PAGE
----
Join the Newsletter

Stay up-to date with food+ag+climate tech and investment trends, and industry-leading news and analysis, globally.

Subscribe to receive the AFN & AgFunder
newsletter each week.

Association for Vertical Farming to Reveal Sustainability Certification Scheme at Summit

May 30, 2016

The vertical farming industry, which practices growing food inside buildings or greenhouses, is likely to triple in size by 2017, according to the Association for Vertical Farming.

While more developed than in Europe, the US still lags Japan and other Asian countries by the number of known vertical farms in existence today. But this is rapidly changing as a growing number of entrepreneurs and businesses turn their attention towards the space.

While the strategy behind each vertical farm differs — Green Collar Foods, which recently launched a campaign on AgFunder, is focused on constructing grow facilities at low cost to help empower inner city farmers — one of the main missions of the industry is to reduce the negative environmental effects of traditional agriculture.

These effects largely relate to wasted water, overuse of chemicals, and the carbon footprint of transporting food across countries and continents. The ability to produce local, clean food is a major draw for many indoor growers in the US.

But vertical farming is not automatically better for the environment and there is very little research and analysis around the environmental costs of vertical farms. Farms that rely heavily on lighting could use large amounts of electricity, for example. And the sustainability of the industry from an economic standpoint has also been little explored as the true costs of establishing and running vertical farms are slowly emerging.

Realizing this gap in information, standardization and regulation, the Association for Vertical Farming has initiated a project to create a sustainability certification scheme. The association is set to announce the work it’s done so far for this scheme, along with the publication of an in-depth whitepaper about the industry and its challenges, at a conference in Amsterdam next month.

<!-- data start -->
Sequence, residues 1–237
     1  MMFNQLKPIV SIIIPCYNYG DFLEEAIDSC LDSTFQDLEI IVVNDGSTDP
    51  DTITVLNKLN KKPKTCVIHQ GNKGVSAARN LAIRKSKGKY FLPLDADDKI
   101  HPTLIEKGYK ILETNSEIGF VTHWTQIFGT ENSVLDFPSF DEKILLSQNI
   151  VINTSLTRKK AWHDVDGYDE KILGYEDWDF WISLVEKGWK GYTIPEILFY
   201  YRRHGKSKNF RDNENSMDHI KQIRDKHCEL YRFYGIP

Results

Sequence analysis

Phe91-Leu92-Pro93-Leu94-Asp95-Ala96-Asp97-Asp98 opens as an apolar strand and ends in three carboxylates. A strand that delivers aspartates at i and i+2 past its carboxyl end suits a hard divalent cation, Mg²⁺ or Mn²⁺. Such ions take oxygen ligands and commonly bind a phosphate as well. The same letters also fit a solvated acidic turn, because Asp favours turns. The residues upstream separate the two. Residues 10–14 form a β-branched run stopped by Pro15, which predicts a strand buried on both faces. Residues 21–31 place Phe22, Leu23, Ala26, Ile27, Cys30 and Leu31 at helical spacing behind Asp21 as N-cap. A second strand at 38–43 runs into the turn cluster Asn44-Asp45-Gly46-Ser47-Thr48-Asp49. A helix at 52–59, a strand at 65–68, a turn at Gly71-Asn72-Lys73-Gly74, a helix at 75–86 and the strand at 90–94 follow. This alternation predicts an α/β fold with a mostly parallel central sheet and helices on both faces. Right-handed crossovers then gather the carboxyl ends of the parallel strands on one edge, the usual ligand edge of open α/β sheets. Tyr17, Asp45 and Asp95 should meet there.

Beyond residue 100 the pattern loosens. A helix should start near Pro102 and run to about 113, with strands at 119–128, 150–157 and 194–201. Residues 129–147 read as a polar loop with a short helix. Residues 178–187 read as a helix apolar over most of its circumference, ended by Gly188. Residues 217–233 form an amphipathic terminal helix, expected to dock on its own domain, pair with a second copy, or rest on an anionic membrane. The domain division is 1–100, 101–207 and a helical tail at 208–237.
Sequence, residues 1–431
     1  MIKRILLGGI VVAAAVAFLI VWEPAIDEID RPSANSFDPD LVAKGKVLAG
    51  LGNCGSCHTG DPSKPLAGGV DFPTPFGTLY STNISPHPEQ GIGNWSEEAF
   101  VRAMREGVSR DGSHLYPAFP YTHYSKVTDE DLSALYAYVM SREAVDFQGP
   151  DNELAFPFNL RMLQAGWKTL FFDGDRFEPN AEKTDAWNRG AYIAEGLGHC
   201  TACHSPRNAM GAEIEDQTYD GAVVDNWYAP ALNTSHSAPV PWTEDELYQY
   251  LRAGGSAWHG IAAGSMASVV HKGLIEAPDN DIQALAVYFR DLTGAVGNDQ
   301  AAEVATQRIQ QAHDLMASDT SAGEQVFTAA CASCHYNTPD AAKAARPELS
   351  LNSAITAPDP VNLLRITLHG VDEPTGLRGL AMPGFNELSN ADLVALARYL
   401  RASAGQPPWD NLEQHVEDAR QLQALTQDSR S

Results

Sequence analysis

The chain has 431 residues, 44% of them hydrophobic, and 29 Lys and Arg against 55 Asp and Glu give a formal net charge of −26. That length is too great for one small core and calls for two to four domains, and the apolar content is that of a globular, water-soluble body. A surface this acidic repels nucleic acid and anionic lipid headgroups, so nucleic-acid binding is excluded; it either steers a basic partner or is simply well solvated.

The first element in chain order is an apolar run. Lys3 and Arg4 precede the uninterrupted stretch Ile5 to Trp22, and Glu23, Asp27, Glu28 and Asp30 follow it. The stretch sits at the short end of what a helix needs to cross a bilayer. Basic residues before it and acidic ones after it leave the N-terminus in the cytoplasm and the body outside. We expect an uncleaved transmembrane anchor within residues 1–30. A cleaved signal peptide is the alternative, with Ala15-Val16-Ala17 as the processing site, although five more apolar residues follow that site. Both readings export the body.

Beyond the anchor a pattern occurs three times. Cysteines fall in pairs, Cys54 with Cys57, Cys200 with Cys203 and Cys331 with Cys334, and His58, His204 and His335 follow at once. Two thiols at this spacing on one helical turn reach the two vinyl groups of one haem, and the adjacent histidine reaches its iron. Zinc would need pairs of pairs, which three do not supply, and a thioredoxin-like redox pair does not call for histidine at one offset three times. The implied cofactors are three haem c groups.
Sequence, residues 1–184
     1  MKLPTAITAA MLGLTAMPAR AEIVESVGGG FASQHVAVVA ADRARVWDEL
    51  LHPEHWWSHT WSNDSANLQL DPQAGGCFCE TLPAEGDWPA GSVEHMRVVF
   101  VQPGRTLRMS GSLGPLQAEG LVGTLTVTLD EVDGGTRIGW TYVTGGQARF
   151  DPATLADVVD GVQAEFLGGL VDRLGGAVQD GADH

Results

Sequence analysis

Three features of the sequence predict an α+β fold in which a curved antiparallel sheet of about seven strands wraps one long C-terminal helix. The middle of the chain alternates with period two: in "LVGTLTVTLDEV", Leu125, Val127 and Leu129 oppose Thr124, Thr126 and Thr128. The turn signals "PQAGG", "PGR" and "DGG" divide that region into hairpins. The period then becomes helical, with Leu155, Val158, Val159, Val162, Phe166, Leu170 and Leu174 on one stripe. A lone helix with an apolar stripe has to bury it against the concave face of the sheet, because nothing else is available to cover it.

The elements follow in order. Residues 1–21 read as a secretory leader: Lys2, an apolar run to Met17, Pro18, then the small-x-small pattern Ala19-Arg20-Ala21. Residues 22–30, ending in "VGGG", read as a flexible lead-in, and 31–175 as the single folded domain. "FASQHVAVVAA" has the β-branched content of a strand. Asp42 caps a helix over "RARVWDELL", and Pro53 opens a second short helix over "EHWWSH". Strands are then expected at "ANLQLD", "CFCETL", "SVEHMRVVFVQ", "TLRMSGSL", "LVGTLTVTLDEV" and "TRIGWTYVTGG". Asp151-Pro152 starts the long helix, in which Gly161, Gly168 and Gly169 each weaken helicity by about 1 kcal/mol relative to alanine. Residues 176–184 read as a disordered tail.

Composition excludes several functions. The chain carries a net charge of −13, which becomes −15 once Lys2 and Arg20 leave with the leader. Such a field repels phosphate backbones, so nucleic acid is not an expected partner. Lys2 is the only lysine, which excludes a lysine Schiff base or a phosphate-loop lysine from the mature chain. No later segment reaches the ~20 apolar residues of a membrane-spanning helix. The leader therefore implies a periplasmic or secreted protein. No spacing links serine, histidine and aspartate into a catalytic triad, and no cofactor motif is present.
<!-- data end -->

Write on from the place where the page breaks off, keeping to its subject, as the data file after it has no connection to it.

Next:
“We believe strongly that vertical farming can be a driver for sustainability in cities, but it’s a young emerging industry with a very green face, focused on growing local, pesticide-free food, using less water, and creating potentially green jobs,” said Henry Gordon-Smith, vice chair of AVF. “There are lots of great benefits, but in the background there are some things happening with hydroponic greenhouses that have questionable impacts on sustainability and, as an organization, it’s important for us to stay ahead of the curve, and drive sustainability; not to be the subject to greenwashing.”

The Association for Vertical Farming is still a very lean organization, meaning creating a sustainability certification scheme in-house was a tall order. So Gordon-Smith and his colleague Max Loessl pitched the idea of researching the scheme to Columbia University’s sustainability management program.

Some 14 students took it on as a whole semester project. They researched a range of similar certification schemes that currently exist to find any potential parallels. And they interviewed several AVF members to learn about their operations and consider which metrics are essential to sustainability.

Some of the categories they have decided to measure and collect information on are: farm characteristics, operating hours, type of growing medium, use of nutrients, health and safety, and average food miles post-production, according to Maya Ezzeddine, one of the students.

The full findings of their research and interviews were presented to the Assocation for Vertical Farming and are detailed in this report.

It will be some time before any scheme is officially launched, but AVF is now ready to go out to a selection of vertical farming businesses to start collecting data from them, according to Mark Horler, AVF’s UK representative and lead on the certification project.

“We need to get a baseline of information before we can decide what is sustainable and what isn’t, and we need at least one year of baseline information before we can go any further,” he said.

It’s unclear at this stage how operations would be certified, whether it’s a single certification, or if there are varying degrees such as bronze, silver or gold, he added.

You can find out more about the certification scheme and related white paper at the AVF Summit in Amsterdam on June 13, 2016, in Amsterdam.

Have news or tips? Email [email protected]

Join the Newsletter

Get the latest news & research from AFN and AgFunder in your inbox.

Join the Newsletter
Get the latest news and research from AFN & AgFunder in your inbox.

Follow us:

AgFunder Research
Join Newsletter